Global Marketing Strategies

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Two opposite viewpoints for developing global marketing strategy are commonly expounded. According to one school of thought, marketing is an inherently local problem. Due to cultural and other differences among countries, marketing programs should be tailor-made for each country. The opposing view treats marketing as know-how that can be transferred from country to country. It has been argued that the worldwide marketplace has become so homogenized that multinational corporations can market standardized products and services all over the world with identical strategies, thus lowering their costs and earning higher margins.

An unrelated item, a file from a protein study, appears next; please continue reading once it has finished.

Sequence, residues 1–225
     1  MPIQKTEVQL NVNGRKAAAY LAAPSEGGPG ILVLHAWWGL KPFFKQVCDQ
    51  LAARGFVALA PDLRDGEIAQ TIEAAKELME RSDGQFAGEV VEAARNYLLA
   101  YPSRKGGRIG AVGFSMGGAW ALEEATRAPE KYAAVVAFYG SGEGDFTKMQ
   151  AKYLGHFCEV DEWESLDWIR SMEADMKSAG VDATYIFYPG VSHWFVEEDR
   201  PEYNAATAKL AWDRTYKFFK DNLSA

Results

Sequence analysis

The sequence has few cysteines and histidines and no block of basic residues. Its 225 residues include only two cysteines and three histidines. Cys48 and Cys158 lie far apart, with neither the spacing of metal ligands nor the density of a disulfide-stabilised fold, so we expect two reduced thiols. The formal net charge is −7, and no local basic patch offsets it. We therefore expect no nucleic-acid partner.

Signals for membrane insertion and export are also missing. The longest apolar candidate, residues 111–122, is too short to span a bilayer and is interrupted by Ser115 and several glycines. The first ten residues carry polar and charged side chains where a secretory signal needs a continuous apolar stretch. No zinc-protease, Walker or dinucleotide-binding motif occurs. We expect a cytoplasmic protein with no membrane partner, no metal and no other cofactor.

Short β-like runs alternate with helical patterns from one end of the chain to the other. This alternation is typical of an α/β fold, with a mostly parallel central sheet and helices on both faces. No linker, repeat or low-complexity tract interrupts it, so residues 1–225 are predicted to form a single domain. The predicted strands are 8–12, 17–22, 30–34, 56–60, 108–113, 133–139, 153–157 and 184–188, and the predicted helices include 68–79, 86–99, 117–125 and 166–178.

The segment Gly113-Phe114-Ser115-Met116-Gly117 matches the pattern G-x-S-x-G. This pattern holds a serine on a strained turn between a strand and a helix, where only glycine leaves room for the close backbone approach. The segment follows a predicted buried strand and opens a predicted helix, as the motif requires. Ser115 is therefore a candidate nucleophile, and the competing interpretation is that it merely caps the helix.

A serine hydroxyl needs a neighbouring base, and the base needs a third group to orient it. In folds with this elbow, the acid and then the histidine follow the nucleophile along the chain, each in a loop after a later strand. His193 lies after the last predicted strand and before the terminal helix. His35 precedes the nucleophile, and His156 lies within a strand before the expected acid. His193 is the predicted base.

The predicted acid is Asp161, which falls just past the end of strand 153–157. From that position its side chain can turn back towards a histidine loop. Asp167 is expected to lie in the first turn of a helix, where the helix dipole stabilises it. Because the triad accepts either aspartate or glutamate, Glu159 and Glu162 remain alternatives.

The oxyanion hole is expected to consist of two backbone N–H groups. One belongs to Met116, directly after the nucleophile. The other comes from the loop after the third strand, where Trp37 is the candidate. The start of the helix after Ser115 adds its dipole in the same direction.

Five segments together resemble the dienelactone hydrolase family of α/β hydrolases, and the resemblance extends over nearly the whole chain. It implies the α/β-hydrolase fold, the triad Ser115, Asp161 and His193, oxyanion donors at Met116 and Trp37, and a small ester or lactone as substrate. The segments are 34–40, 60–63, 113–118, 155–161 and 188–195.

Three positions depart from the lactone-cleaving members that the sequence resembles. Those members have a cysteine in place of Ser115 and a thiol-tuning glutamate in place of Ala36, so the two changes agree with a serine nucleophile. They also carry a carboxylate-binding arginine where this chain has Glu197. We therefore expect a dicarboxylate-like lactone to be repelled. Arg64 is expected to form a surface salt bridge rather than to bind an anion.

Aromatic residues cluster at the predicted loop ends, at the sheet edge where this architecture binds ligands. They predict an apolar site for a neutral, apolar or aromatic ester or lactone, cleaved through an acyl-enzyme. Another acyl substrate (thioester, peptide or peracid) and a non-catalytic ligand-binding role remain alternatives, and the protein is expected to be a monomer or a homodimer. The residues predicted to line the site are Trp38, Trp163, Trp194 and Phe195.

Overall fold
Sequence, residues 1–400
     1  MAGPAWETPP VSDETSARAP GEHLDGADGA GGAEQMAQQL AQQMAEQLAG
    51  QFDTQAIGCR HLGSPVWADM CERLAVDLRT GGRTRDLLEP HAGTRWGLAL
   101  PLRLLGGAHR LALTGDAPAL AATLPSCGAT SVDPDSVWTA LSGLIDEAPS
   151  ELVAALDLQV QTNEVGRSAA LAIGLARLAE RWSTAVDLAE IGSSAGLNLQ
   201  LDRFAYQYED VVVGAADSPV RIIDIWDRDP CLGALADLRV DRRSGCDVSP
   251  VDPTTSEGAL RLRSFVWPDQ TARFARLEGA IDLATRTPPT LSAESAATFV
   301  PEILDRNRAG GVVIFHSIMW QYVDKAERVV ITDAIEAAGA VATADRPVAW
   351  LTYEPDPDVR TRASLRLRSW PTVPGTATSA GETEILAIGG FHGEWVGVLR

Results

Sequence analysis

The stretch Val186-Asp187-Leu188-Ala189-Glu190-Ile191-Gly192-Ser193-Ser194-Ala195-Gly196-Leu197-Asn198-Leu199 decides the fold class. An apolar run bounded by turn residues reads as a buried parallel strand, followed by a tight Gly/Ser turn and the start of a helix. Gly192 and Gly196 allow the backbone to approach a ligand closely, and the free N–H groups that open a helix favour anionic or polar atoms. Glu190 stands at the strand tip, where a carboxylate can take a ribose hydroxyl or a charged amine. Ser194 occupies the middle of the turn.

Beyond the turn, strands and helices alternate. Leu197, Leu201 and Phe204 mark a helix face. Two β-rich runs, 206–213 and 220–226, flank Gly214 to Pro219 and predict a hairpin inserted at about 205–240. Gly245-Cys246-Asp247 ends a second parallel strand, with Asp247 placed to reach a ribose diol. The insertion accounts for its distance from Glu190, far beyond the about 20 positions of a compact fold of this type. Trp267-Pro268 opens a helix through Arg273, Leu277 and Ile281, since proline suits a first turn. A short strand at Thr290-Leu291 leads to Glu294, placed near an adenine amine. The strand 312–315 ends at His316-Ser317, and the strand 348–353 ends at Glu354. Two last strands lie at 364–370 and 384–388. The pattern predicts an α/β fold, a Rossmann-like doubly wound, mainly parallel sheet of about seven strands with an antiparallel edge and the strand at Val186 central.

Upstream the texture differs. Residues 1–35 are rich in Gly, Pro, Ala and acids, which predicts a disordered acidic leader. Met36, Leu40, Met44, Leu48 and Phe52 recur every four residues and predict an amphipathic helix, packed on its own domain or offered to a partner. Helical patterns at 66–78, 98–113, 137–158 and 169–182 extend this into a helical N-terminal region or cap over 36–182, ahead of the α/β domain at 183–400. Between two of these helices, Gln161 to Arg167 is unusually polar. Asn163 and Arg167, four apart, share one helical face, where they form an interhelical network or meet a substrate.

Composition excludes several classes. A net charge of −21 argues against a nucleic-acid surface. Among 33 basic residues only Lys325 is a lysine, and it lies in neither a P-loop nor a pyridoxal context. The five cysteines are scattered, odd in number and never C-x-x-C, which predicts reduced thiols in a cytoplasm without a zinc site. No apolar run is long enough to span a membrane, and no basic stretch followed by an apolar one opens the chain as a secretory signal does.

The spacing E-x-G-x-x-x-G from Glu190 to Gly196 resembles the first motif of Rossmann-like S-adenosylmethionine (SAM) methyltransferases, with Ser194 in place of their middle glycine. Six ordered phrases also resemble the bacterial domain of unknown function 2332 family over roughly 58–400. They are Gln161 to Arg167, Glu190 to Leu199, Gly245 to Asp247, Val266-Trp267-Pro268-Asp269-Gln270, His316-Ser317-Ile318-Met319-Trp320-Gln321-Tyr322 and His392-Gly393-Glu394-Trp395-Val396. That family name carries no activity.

Localized Strategy The proponents of localized marketing strategies support their viewpoint based on four differences across countries:19 (a) buyer behavior characteristics, (b) socioeconomic condition, (c) marketing infrastructure, and (d) competitive environment. A review of the marketing literature shows how companies often experience difficulties in foreign markets because they did not fully understand differences in buyer behavior. For example, Campbell 's canned soups mostly vegetable and beef combinations packed in extra-large cans did not catch on in soup-loving Brazil. A postmortem study showed that most Brazilian housewives felt they were not fulfilling their roles if they served soup that they could not call their own. Brazilian housewives had no problems using dehydrated competitive products, such as Knorr and Maggi, which they could use as soup starters and still add their own ingredients and flair. Also, Johnson & Johnson 's baby powder did not sell well in Japan until its original package was changed to a flat box with a powder puff. Japanese mothers feared that powder would fly around their small homes and enter their spotlessly clean kitchens when sprinkled from a plastic bottle. Powder puffs allowed them to apply powder sparingly. Similarly, advertisers have encountered difficulty when using colors in certain foreign

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